Fortunately, it must be true because the police were involved.

Over to the Times, and there's an episode of salutary bravery.

The cartoon features Angela Merkel and Nicholas Sarkozy talking about there being "no grip at the top"and "knifing each other publicly". You know the punchline is not going to be anything about Greece? So maybe Fifa? Or X Factor?

Nope, the punchline in the four-panel cartoon is Merkel saying: "Well, I'm not bailing out News International."

That's the Times's parent company. Now, the Times has always been assiduous and thorough in its coverage of the whole hacking scandal, but it still takes a bit of guts to stretch that into taking the mickey in the form of a cartoon.


Your Letters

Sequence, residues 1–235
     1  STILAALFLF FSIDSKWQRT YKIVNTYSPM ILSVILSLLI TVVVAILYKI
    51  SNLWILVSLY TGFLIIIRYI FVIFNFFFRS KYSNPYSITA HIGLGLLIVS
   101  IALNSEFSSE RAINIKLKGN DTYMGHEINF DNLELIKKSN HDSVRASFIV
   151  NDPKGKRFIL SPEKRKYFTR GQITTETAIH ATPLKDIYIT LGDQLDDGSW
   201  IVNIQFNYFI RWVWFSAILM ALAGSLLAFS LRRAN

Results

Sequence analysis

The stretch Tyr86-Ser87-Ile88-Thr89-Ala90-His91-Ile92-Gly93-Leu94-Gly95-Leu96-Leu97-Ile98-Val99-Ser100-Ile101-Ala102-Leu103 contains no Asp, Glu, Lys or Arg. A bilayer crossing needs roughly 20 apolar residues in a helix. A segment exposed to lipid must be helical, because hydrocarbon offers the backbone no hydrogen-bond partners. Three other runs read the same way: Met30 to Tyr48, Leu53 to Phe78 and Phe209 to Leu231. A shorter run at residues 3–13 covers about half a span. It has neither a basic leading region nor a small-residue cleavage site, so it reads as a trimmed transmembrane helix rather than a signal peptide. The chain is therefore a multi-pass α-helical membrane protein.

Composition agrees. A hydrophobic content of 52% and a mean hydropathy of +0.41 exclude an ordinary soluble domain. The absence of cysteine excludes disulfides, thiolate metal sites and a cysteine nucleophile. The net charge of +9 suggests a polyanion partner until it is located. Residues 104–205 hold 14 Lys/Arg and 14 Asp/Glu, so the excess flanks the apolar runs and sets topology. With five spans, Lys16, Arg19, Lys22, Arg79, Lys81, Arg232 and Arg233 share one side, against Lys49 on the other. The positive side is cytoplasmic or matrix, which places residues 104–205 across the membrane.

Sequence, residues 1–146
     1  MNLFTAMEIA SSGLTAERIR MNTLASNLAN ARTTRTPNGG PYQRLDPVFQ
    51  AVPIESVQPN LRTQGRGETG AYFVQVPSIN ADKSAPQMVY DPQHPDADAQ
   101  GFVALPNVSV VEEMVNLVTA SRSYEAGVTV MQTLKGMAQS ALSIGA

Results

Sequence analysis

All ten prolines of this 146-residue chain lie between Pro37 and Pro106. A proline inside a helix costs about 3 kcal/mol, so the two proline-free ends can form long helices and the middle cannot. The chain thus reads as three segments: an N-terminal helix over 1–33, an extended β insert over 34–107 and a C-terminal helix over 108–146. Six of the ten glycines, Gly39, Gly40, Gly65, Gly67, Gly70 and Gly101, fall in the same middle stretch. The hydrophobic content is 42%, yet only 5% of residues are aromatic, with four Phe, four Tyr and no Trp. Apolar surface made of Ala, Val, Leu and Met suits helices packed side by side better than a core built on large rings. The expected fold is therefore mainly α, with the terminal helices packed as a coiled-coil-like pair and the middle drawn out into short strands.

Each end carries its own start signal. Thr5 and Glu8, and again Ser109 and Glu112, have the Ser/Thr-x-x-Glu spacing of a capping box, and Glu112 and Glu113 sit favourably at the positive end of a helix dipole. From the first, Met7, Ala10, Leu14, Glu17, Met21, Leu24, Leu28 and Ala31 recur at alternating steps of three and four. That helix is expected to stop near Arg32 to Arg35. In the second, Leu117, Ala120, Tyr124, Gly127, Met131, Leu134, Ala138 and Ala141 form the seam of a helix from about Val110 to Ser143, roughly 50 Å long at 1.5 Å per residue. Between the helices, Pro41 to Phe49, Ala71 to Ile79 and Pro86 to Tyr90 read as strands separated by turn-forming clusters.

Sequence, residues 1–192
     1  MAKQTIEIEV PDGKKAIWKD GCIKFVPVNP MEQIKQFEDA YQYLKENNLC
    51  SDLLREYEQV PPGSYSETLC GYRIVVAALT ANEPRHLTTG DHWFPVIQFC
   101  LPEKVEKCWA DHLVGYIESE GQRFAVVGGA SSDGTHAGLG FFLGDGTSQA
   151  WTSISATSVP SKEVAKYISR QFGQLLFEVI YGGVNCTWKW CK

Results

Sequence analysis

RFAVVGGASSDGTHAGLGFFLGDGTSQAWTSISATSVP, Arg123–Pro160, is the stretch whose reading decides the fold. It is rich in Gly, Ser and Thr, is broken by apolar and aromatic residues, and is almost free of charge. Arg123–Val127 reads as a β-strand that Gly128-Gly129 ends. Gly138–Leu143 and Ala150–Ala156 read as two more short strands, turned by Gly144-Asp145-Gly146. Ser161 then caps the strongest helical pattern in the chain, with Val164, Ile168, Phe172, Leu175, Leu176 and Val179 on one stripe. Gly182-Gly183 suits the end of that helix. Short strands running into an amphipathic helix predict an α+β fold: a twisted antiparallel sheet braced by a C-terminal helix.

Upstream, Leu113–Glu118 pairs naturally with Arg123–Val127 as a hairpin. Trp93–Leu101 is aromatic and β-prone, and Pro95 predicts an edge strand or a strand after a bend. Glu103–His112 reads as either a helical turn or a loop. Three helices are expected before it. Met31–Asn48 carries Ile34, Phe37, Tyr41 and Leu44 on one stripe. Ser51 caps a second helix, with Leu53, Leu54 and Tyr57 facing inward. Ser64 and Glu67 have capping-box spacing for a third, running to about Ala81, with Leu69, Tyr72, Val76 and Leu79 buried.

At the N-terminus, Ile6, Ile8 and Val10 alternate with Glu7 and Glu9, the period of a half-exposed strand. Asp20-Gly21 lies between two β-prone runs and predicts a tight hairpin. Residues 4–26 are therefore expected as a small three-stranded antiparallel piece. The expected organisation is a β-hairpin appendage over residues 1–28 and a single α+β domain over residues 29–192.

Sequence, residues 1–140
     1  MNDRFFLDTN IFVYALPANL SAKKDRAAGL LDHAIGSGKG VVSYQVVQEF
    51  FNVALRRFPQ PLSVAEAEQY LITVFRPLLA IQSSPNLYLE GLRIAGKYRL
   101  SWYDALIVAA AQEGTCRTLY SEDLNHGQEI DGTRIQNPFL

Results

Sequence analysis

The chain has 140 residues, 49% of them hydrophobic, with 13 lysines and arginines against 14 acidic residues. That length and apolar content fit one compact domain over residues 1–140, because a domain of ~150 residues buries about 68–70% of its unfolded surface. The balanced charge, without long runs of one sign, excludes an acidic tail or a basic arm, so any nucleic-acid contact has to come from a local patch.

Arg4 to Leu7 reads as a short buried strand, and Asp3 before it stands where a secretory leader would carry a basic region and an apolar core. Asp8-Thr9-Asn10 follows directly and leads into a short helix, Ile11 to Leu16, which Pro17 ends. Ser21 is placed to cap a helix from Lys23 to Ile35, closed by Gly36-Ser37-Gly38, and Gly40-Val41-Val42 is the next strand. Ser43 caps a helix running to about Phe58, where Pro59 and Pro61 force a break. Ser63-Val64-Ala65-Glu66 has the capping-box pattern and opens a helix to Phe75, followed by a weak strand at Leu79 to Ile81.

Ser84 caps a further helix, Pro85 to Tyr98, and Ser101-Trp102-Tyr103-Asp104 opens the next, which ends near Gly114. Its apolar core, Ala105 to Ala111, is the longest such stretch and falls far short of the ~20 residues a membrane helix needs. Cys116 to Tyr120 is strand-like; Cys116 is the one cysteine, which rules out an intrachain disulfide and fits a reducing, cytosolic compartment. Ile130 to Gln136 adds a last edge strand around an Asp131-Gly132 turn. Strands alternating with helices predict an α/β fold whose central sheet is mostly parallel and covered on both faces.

15:45 UK time, Thursday, 10 November 2011

Poignant and inspiring tribute to Oswestry's very own Wilfred Owen for the 21st Century.
John Waine @BBC_Magazine

"Alex Knibb defiant in headline wording row" (Wednesday's Letters). I think it has rather a ring to it.
Rob Mimpriss, Bangor, Wales

"Alex Knibb, Bristol, in use of 'row' row!" (Wednesday's Letters).
Paul , Ipswich

Alex, Bristol (Wednesday's Letters), funnily enough, I was just about to tell off the BBC for failing to find a dispute over Sir Jimmy's funeral that they could turn into a "Savile Row".
Edward Green, London, UK

Ed (Wednesday's Letters), I'm afraid that even if the 7 billion people article was getting 100 hits per second it would take well over 2 years for everyone on the planet to have clicked on the article.
Martin, Luxembourg

Popular Elsewhere

15:10 UK time, Thursday, 10 November 2011

A look at the stories ranking highly on various news sites.